Week six of being a scout at Wilbur-Ellis went pretty well. We are getting closer and closer to harvest every day and it won’t be long now before the orchards are full of workers and harvesting equipment. In the meantime there is still scouting to be done. This week I want to focus on what I have learned about a particular pest by the name of San Jose Scale.
San Jose Scale(scale for short) is a tiny insect that latches onto the tree with its mouth and sucks on the sap. To show you how small they are I provided the picture below. Inside the yellow oval is a whole cluster of scale. They are very hard to see in a picture but in this form they are tiny grey specks with black dots at the center. If you look towards the bottom part of the branch you will see what the branch is actually supposed to look like. As you move up the branch you will begin to see more and more scale.
Scale is a very tough insect to kill. They spread quite rapidly and are hidden within a kind of shell. This shell protects them from sprays that can kill them. The spray is really only effective at certain times which makes this a tough pest to get rid of. Scale can attach to a lot of different trees but interestingly it will not attach to sour cherry trees, only sweet cherry trees. There is something in the makeup of a sweet cherry tree that the scale likes. I have seen sweet trees with scale right next to sour cherries that go unaffected. Scale in sweet trees can be a real problem if they are not killed soon enough. The picture at the bottom is of a sweet block that has extensive scale damage. You can see how the trees have almost no leaves on them. This particular sweet block is of the Gold variety so you should see nice golden yellow clusters of cherries hanging from the branches. There is quite obviously a serious lack of cherries on the branches of these trees. The block is virtually useless now because the infestation has grown so large.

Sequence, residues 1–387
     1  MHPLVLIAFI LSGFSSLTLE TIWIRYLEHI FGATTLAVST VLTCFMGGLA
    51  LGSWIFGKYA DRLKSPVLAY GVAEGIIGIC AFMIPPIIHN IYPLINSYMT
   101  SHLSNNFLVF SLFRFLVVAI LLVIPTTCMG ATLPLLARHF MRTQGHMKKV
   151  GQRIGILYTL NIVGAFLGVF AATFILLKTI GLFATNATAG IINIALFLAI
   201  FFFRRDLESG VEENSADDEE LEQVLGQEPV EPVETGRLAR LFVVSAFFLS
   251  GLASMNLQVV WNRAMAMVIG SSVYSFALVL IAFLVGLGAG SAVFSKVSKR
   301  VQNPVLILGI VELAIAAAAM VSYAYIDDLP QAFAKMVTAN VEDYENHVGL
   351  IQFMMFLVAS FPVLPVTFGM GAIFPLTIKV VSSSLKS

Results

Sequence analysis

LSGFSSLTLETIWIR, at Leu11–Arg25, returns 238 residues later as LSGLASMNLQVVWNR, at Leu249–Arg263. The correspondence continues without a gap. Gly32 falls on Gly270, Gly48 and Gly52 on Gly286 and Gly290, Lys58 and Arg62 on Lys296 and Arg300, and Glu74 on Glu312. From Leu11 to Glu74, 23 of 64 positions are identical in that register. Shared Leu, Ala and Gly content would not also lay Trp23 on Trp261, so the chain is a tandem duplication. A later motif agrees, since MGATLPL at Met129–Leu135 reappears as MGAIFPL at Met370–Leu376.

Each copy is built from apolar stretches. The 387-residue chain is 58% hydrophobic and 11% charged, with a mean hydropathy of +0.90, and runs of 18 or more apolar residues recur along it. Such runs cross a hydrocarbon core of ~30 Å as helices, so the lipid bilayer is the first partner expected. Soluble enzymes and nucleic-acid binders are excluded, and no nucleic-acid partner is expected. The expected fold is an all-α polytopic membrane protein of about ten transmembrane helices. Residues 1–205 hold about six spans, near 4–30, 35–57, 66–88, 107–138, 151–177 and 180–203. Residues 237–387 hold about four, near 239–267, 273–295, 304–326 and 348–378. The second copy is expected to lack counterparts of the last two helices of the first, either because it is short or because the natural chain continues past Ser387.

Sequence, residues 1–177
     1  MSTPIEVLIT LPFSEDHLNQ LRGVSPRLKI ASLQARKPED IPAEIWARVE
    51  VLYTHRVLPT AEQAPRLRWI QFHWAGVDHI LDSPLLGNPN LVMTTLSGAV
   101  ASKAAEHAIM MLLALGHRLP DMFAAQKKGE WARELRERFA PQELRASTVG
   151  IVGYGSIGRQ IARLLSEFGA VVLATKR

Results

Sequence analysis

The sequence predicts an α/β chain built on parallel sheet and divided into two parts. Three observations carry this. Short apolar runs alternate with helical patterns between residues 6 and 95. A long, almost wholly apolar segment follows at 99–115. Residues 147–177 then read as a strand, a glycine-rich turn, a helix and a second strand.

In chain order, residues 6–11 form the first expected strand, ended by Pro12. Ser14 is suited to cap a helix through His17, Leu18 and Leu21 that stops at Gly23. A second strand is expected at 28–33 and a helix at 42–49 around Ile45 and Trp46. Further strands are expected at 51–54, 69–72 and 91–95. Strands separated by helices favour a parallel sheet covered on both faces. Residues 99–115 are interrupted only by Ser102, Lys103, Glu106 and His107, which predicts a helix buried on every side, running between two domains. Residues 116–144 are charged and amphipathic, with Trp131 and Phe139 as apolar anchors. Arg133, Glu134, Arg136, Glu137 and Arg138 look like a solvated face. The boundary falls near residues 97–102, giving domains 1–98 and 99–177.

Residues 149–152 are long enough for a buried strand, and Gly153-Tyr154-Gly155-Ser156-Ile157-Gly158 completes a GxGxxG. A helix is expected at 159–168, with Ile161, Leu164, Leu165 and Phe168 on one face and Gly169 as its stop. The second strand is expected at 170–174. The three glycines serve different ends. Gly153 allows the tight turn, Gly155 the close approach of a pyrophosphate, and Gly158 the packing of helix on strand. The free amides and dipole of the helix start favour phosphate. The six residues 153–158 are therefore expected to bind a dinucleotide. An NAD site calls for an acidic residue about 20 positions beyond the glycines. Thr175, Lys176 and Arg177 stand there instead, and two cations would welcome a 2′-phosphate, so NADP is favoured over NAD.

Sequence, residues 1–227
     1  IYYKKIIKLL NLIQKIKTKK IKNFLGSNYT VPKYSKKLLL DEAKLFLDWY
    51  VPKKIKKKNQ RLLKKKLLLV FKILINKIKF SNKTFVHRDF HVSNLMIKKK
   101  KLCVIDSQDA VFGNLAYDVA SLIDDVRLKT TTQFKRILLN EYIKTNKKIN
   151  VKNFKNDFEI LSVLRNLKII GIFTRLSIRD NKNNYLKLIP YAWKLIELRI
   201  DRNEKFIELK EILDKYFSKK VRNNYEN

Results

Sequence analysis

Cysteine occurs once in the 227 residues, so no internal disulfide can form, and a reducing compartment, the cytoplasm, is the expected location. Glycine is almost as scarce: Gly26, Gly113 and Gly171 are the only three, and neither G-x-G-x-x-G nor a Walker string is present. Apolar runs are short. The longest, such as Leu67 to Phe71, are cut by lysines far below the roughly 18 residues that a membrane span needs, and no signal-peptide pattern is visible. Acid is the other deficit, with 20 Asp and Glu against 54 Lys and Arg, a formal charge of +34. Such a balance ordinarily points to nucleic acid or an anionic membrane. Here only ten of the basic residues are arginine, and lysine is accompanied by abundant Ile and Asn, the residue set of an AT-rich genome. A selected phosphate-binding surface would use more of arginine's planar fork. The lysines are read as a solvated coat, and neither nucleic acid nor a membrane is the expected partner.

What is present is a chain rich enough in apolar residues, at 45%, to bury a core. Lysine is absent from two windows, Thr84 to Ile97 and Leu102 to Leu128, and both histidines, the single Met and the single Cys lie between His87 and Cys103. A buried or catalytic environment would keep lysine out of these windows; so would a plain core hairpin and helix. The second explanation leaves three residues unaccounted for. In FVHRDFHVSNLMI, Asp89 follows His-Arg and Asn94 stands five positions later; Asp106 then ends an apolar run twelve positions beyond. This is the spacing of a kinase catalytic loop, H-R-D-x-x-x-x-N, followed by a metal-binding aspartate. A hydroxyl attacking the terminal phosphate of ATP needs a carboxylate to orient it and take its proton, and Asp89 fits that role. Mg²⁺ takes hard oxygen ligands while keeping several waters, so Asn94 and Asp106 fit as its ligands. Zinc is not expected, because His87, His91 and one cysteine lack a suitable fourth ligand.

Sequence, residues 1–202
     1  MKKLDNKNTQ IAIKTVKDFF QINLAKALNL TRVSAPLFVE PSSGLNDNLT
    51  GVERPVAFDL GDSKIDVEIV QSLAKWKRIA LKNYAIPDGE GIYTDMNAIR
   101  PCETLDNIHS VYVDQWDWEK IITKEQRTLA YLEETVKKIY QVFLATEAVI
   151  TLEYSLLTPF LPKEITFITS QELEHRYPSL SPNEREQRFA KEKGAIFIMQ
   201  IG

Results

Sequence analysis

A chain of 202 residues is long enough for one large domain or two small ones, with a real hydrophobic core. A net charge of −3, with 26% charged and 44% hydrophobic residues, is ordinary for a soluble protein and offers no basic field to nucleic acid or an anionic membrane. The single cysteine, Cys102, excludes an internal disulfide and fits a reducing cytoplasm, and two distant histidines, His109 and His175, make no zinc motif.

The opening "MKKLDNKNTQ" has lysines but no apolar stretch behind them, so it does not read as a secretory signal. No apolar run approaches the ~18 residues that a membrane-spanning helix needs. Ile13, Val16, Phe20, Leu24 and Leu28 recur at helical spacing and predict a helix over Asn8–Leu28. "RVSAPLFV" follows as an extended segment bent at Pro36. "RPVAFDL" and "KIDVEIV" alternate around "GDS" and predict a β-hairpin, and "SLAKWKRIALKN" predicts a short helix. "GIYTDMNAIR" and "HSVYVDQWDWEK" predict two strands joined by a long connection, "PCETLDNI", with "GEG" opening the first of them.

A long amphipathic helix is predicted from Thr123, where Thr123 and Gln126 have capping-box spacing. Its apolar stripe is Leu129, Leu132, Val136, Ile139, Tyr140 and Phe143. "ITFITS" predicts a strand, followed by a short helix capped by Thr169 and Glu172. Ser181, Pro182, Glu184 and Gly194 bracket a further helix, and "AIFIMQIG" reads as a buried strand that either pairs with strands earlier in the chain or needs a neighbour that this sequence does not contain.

Now I am not trying to glorify my position as a scout but there is some importance to my job here. This kind of loss to the grower is quite substantial when you consider having to replace all of these trees because they simply do not produce anymore. This infestation is likely a few years old. If somebody had been there looking for bugs in this block once a week then this possibly could have been avoided.